Donald Hall's The Man Who Lived Alone

Donald Hall is a celebrated American poet, novelist, literary critic -- and writer of books for children, the latter characterized by strong images of rural Americana and New England.

Hall's children's book The Man Who Lives Alone (Boston: Godine, 1984) exemplifies this genre, especially being enhanced by the classic woodblock art of illustrator Mary Azarian complementing the text. (Hall lives in New Hampshire and Azarian lives in Vermont.)

The unnamed protagonist of the story "built himself a camp on the side of Ragged Mountain and lived there alone in one big room where he kept the things he collected ..." The protagonist is a classic wilderness hermit (a "camp" being a cabin without electricity or running water) living self-sufficiently in a rural setting, near mountains. (There are Ragged Mountains in Virginia, mentioned by Edgar Allan Poe, but these are in New Hampshire, in fact, within sight of Hall's home!)

The hermit collects odds and ends such as nails, newspapers, empty wasps' nests. He became a hermit from troubled upbringing, a father whom the book does not detail but who was an abusive and violent drunkard too impoverished to care for his two children. The protagonist and his younger sister go separately to live with other relatives, and he grows up learning carpentry and other handy skills from this peaceful and supportive family. Years later, his father returns to claim but, but he soon runs away to tramp through the whole country, from big cities to the Pacific coast, returning when he was no longer a minor.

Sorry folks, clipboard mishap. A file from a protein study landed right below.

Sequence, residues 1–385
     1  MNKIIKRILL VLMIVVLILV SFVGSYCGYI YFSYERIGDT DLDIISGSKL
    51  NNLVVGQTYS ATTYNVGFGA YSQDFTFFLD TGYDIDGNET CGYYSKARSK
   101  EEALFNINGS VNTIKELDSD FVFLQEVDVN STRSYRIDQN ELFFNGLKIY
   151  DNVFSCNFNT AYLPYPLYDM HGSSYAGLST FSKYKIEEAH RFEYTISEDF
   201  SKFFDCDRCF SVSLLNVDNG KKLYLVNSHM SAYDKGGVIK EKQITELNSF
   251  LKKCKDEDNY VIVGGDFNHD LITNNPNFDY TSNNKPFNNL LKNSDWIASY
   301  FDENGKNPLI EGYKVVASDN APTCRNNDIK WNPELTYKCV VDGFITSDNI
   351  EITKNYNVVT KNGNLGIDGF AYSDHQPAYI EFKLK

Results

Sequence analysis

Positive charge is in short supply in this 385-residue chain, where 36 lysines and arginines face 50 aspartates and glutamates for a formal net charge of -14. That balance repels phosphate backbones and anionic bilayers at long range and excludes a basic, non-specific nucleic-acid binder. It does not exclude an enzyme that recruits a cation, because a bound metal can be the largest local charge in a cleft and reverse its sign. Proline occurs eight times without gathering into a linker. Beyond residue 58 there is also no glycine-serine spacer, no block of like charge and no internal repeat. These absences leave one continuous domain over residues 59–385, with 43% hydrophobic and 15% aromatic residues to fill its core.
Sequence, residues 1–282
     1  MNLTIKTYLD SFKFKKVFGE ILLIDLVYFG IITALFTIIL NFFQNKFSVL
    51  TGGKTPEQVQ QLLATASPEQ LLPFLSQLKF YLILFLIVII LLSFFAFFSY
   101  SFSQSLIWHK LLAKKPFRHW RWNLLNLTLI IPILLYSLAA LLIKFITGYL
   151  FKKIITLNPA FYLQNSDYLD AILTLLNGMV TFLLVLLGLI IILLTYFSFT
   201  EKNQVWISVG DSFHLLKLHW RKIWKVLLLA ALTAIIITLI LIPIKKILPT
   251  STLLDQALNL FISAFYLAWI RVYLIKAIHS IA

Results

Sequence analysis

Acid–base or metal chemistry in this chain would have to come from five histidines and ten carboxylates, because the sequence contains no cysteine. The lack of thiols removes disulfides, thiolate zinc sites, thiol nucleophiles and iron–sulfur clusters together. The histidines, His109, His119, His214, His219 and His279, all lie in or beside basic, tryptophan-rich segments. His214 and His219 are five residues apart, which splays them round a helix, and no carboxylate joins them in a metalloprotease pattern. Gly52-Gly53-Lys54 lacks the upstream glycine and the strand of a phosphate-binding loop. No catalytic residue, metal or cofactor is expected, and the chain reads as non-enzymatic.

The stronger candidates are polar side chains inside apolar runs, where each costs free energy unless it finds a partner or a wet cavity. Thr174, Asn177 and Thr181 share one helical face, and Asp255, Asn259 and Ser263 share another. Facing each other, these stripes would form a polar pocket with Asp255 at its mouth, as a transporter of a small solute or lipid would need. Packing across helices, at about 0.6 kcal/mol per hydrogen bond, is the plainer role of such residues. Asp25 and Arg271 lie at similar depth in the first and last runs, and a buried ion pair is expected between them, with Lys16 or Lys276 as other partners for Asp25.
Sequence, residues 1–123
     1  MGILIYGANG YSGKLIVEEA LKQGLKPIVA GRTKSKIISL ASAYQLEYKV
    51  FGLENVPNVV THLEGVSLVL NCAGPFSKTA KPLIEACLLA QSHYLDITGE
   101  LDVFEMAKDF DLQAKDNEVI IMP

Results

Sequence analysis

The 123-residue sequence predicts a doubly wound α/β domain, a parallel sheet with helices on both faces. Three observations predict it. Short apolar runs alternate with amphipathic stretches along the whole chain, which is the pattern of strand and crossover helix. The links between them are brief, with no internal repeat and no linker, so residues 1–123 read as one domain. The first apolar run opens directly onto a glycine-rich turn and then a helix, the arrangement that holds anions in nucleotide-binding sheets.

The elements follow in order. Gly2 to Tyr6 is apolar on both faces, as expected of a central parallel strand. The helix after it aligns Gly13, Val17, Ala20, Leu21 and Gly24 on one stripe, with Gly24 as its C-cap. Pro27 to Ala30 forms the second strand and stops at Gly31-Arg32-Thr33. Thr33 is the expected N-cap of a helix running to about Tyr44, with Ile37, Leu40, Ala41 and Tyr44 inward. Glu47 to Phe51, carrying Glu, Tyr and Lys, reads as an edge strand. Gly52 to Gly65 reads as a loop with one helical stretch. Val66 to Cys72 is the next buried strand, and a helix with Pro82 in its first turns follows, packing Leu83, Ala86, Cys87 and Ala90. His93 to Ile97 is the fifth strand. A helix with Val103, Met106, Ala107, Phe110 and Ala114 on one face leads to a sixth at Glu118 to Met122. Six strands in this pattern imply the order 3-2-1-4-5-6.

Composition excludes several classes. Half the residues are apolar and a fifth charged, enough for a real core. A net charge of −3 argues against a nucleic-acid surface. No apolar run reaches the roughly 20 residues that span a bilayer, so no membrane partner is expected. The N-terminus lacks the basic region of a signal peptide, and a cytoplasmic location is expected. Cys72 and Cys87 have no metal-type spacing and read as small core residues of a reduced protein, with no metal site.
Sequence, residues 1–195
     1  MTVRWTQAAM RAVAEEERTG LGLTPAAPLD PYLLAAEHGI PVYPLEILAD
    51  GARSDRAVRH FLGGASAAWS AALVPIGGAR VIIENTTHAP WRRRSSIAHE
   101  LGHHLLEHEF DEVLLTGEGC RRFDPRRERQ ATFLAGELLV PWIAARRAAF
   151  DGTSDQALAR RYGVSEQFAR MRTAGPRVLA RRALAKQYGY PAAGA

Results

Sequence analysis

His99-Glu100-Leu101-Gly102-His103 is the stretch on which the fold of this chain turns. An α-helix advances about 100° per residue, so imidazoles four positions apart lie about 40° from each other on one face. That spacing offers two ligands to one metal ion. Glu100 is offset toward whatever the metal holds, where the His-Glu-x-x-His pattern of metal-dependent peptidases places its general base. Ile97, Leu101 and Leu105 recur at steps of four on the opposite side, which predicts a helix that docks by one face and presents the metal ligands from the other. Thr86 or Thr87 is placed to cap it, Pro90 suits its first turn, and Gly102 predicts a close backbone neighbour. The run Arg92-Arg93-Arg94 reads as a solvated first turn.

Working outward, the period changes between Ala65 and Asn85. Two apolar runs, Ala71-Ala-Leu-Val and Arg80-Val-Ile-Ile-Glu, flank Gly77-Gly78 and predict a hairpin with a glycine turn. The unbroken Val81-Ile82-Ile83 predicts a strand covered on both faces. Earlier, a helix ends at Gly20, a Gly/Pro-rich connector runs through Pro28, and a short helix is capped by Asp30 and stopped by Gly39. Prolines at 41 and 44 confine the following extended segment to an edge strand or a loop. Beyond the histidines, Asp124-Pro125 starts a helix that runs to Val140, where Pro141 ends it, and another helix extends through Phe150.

The protagonist  moves hear his generous cousins, and helps them farm, he "living alone and taking care of himself," then helping the next generation when the old couple pass away.

Having established that the hermit is not a recluse, the story concentrates on the protagonist's daily life. He wears a beard except in summer, takes care of a donkey named Old Beauty and befriends an owl named Grover. He, canned peas, tomatoes, and apples as applesauce from his garden and orchard, and ate one woodchuck and one deer annually. He took up odd jobs roofing, toolmaking, and working on roads to have spending money and pay his taxes. The hermit was skillful enough that he stitched and repaired his own clothes rather than buy new clothes, made his own maple sugar, grafted apple tree varieties, and read old newspapers. When he was old, he enjoyed reminiscing with his now widowed cousin. But mostly he stayed in his camp, daydreaming about the past. The book ends discretely with a warm portrait of the great bearded hermit in old age, the "man who lived alone."